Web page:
It looks like you're using an Ad Blocker.

Please white-list or disable AboveTopSecret.com in your ad-blocking tool.

Thank you.

 

Some features of ATS will be disabled while you continue to use an ad-blocker.

 

Help ATS via PayPal:
learn more

The Extinction of the Roaming Buffalo - A Sioux Tale

page: 1
6

log in

join
share:

posted on Nov, 26 2016 @ 09:40 AM
link   


Introduction

Listening to stories is an endeavor by itself for me, you can portray it any way you like with a subjective narrative, even call it the father of lies.
A few days ago i watched the story about Sitting Bull and his legacy, most of it are stories, but its stories that provides a legendary tale of a great man who lived his life the way he was taught..

I believe the story about the Buffalo roaming the great American plains and their almost extinction came at the hands of a merciless war between the Sioux and the White man.. They were merely caught in between, and just like history tells it; Cutting of food for a massive number of people will force them to their knees".
The years that soon followed there after, was just a story to fill in of Heroes slaughtering starving foes.

The story of the Buffalo is not just theirs, the story of the Wild Buffalo Roaming the great plains are just as much a Native Indian Heritage, they lived in harmony with one another and in balance with nature..
--


American Bison

The American bison (Bison bison), also commonly known as the American buffalo or simply buffalo, is a North American species of bison that once roamed the grasslands of North America in massive herds. They became nearly extinct by a combination of commercial hunting and slaughter in the 19th century and introduction of bovine diseases from domestic cattle, and have made a recent resurgence largely restricted to a few national parks and reserves. Their historical range roughly comprised a triangle between the Great Bear Lake in Canada's far northwest, south to the Mexican states of Durango and Nuevo León, and east to the Atlantic Seaboard of the United States (nearly to the Atlantic tidewater in some areas) from New York to Georgia and per some sources down to Florida. Bison were seen in North Carolina near Buffalo Ford on the Catawba River as late as 1750.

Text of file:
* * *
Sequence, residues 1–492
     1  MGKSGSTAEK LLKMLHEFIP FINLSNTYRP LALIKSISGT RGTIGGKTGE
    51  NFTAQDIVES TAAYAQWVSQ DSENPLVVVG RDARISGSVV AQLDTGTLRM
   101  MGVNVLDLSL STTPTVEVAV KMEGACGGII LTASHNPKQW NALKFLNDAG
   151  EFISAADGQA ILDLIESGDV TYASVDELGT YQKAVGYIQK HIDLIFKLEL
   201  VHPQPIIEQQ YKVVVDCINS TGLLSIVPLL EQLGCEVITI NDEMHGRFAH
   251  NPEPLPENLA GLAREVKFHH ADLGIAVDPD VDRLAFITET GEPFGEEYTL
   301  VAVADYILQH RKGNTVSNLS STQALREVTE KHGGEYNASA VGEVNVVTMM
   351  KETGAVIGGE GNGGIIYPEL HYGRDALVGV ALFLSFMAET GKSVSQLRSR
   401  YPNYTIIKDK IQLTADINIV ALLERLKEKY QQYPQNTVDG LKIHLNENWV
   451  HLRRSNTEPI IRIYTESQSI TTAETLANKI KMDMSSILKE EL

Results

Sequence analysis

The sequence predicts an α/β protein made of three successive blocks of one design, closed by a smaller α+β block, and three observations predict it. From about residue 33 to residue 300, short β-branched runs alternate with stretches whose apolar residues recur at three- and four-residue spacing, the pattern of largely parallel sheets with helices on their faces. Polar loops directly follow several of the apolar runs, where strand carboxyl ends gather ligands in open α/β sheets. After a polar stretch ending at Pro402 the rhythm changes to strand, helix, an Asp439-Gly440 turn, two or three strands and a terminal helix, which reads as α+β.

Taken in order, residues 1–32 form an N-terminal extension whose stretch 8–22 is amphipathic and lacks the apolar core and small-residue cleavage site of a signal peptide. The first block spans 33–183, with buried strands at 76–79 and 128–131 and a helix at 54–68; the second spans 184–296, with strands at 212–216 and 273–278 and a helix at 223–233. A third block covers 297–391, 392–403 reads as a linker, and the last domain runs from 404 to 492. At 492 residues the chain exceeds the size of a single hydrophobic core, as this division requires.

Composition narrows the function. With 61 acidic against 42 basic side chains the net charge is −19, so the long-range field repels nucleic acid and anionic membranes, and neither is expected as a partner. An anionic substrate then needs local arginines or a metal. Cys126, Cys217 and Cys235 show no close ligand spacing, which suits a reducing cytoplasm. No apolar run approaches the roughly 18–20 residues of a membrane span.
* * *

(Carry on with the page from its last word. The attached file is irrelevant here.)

From 1840 - 1900 the population of the American Bison went from 35 millions to small number of 300.

The term "buffalo" is sometimes considered to be a misnomer for this animal, and could be confused with two "true buffalo", the Asian water buffalo and the African buffalo. However, "bison" is a Greek word meaning ox-like animal, while "buffalo" originated with the French fur trappers who called these massive beasts bœufs, meaning ox or bullock—so both names, "bison" and "buffalo", have a similar meaning. The name "buffalo" is listed in many dictionaries as an acceptable name for American buffalo or bison. In reference to this animal, the term "buffalo" dates to 1625 in North American usage when the term was first recorded for the American mammal.
--

Buffalo Thunderbeast - Wildlife Documentary



--


Summary

The American Indian was dependent on the buffalo for survival. With the demise of the buffalo, the American Indian's life evolved into economic dependence on the U.S. government with cycles of severe poverty. The cooperative economic relationships of tribal societies that evolved with the buffalo culture became outdated in the competitive world of the white man.
1862, shortly after a failed crop the year before and a winter starvation, the federal payment was late. The local traders would not issue any more credit to the Santee and one trader, Andrew Myrick, went so far as to say, "If they're hungry, let them eat grass."